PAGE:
Rules have evolved over time. We can have the same highlights, but cannot repeat gratefuls. First come, first served. Also, my interpretation of the original request was that the gratefuls be from that very day. Some nights are tougher than others; we might have had a rough day, might be a bit disgruntled and even sarcastic. On those nights, I’ll allow him a more general, all-encompassing grateful, our home, a safe place to live, for example; but ever the rule follower, I encourage him to add “on this day.” I, on the other hand, force myself to find five and a highlight from this day.

On occasion, if we start nodding off without having said them, one of us (usually me) wakes up, “Wait, Wait, gratefuls and a highlight.” One, two, three, four, five, and a highlight. Then, gratefully, joyfully, off to sleep.

From Women of Joy, a suite of photographs by Merry Song




They say aging is hard.
Knees buckle and stab,
Eyes strain to read a menu at Olive Garden,
Checkout lady at Publix calls you “sweetie.”
There is also a suspension, a revelation.
Alligator eyes peering over the water,
Moonlight through the palm fronds,
Sweet slices of ginger in a jar.




Sunday Afternoon in Philadelphia

Laurie was launching her fifth book, and was holding the event at the school where she teaches. Laurie’s mother Libby, my friend of 50 years, had invited us to be her guests.


The three of us sat in the last row of folding chairs set up in the school’s multi-purpose room. At the front of the room Laurie stood behind a table. In between were rows of middle school kids – mostly girls – holding books in their laps, waving their hands, and pelting Laurie with questions.

“How do you think up your stories?’

“How long does it take to write a whole book?”

“Are any of your characters based on any of us?”

Laurie laughed, then invited her audience to come up to get their books autographed.

There was a mad dash to the front.

Libby beamed.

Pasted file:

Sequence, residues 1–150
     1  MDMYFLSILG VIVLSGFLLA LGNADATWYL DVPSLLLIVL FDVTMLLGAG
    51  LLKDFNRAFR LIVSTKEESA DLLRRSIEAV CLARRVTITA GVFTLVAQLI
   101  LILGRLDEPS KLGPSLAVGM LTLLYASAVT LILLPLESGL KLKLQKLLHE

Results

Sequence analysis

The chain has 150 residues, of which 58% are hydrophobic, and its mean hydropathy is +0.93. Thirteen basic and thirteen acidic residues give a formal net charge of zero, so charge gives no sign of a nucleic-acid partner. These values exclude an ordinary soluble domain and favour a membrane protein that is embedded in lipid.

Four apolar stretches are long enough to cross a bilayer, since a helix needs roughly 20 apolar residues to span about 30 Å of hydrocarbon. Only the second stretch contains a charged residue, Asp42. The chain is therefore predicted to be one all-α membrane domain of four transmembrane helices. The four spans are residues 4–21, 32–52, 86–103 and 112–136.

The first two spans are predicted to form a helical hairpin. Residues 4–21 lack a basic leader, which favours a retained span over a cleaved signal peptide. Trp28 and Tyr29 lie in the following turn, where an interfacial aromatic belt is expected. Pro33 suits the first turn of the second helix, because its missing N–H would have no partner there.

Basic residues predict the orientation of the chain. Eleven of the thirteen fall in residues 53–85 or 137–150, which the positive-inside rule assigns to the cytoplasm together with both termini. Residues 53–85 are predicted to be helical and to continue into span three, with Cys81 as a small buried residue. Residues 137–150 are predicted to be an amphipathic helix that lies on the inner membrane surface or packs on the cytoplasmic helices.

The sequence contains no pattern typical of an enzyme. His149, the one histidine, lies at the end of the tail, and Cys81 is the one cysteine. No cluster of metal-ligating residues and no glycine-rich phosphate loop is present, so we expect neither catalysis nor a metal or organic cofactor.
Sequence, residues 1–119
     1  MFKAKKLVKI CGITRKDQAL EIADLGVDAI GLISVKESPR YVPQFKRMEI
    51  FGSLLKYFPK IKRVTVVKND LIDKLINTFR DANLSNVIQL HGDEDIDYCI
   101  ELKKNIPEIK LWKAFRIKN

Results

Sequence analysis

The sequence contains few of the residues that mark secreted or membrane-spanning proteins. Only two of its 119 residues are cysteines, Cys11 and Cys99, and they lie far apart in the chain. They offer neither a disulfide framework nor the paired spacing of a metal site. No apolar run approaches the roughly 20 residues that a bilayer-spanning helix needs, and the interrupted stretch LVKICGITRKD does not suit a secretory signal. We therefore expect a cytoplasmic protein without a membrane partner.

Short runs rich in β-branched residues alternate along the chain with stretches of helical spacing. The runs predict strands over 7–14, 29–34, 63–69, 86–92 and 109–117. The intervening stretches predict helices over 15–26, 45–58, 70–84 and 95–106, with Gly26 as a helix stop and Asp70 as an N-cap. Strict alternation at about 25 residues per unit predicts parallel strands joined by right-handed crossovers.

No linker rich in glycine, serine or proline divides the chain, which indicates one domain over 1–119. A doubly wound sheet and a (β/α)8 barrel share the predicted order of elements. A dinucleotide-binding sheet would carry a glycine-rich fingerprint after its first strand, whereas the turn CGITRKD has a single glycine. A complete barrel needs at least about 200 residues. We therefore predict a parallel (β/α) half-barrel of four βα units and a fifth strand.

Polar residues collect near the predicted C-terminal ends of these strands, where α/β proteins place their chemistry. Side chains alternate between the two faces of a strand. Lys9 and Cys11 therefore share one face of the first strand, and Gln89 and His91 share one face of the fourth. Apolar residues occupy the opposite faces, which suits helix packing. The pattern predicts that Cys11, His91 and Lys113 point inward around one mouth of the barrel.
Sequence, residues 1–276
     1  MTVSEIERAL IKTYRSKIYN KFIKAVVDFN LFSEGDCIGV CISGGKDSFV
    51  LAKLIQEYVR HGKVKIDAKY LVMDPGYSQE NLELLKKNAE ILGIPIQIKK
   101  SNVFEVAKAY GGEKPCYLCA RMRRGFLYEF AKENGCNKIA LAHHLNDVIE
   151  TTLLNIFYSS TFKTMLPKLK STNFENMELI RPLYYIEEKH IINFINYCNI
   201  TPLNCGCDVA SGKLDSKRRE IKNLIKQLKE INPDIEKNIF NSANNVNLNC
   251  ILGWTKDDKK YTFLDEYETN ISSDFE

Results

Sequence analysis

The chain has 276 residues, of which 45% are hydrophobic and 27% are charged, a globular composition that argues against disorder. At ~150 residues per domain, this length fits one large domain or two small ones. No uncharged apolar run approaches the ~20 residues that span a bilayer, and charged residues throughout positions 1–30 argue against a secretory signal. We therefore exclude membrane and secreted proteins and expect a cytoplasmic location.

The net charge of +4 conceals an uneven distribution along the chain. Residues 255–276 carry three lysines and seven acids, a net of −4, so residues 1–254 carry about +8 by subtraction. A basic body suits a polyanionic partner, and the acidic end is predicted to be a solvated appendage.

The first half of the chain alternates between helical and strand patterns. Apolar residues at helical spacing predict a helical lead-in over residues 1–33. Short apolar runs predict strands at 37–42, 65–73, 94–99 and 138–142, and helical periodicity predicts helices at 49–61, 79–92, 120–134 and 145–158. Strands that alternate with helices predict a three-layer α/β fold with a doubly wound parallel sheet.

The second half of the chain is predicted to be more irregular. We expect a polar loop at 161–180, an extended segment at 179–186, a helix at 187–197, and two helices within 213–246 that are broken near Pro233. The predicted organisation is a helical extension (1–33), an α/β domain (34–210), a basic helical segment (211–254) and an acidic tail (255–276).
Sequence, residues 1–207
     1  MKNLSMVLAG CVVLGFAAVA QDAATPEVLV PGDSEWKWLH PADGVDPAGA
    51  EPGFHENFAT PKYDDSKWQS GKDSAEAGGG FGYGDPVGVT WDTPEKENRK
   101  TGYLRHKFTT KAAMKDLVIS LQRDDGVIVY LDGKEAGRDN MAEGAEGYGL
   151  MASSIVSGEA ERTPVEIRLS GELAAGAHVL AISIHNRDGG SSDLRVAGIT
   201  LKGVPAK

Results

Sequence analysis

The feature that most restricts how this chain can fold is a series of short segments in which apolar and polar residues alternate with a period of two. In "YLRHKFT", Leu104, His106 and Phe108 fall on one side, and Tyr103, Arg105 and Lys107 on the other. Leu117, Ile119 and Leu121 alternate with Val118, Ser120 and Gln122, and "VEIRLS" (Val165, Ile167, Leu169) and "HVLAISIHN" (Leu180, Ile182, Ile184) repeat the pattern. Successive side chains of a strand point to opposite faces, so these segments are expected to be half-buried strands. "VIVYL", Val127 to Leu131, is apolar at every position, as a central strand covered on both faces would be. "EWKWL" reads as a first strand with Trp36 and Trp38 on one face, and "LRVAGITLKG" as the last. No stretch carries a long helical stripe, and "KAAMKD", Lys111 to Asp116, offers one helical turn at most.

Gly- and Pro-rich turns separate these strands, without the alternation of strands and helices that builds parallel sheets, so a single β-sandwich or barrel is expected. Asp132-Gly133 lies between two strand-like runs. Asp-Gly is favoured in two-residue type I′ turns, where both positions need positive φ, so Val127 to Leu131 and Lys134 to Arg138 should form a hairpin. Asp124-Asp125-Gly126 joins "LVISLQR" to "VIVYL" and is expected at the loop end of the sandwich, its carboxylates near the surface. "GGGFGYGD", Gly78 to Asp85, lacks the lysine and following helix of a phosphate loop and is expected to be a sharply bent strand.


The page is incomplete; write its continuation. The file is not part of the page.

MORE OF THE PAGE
With a copy of Laurie’s book in my bag, we headed out the door into the spring sunshine. As we turned left down 23nd Street we heard a shout: “Kathy! Jon!” And there was Todd, daughter Annie’s dear friend from college. A pal since freshman week Outdoor Action and frequent visitor during school vacations. Since graduation, professional squash player for Team USA. We had last seen him in 2019 when we crossed paths in Lodon.

“Todd! What are you doing here?”

“I live in Philadelphia now. Off Rittenhouse Square.”

“Are you still playing?”

“This is my last year. I had to miss Annie’s wedding because I was at a tournament. But she told me all about the mother-in-law’s crazy weird toast.”

The three of us rolled our eyes, laughed and hugged, and promised that the next time Annie was home, he would come out for dinner.

Todd continued south and we went north for a walk. The breeze had become brisk and wispy white clouds flew across a cornflower blue sky, but the sun was still warm. At Spruce Street we stopped, drawn to the bright blocks of orange, red, yellow, and green painted on a corner stucco wall, and a sign that read Sally. The black board outside promised small plates and natural wine. It was only 4:30, but we couldn’t resist. The hostess with a bright smile and bare midriff tucked us into a protected outside picnic table. We were easily the oldest patrons by 30 years. Jon had the house ricotta; I had grilled prawns. We both drank a glass of a sparkling wine we couldn’t pronounce. And we watched urban life go by. Runners. Young parents with strollers. Women who knew how to wear scarves.

We drove home—west, into the sun—and found the light still streaming into our family room. We didn’t watch PBS NewsHour Weekend. We didn’t watch Call the Midwife. We didn’t watch Masterpiece Theatre. We sat on the couch, with Buddy the cat between us, and I read Laurie’s book until it was time to go to bed.

From Women of Joy, a suite of photographs by Merry Song



An Hour More with My Father

I gladly suffered the painful
installation of the silver
railroad tracks across my teeth
for the ice cream coupon
given by the dentist,
redeemable at the diner
across the way, the place
with red leather and chrome
stools that spun and
a waitress who called me hon.
It was a golden ticket
that gave me an hour more
with my father.
We would dash across the highway
between the whoosh of cars,
his suit coat billowing out behind him
like the cape I thought it was,
tie whipping over his shoulder,
a cigarette flashing at the end
of his outstretched hand.
Once he asked if we should get lunch.
Could I stay out of school a little longer?
The decision, of course, was his
but he made me part of the conspiracy
that brought us a quiet revelry
of chicken croquettes and
mashed potatoes covered in gravy.
My first cup of coffee.
Later I would seek in books
the company of other men in suits:
Hawthorne, Hemingway, Scott Fitzgerald.
But my father remained the most alluring.
A half century later I see him still
smiling under the wreath of smoke,
placing a tip on the table,
winking at the waitress across the pale
yellow stars of the Formica counter.




Ode to Joy

Christmas caroling around the streetlamp. It was Christmas Eve, and I was ten.


When I was a child, our neighborhood was full of kids who got together each year on Christmas Eve and went door-to-door, ringing bells and singing carols.

Loudly, robustly, full of pride and joy and innocence.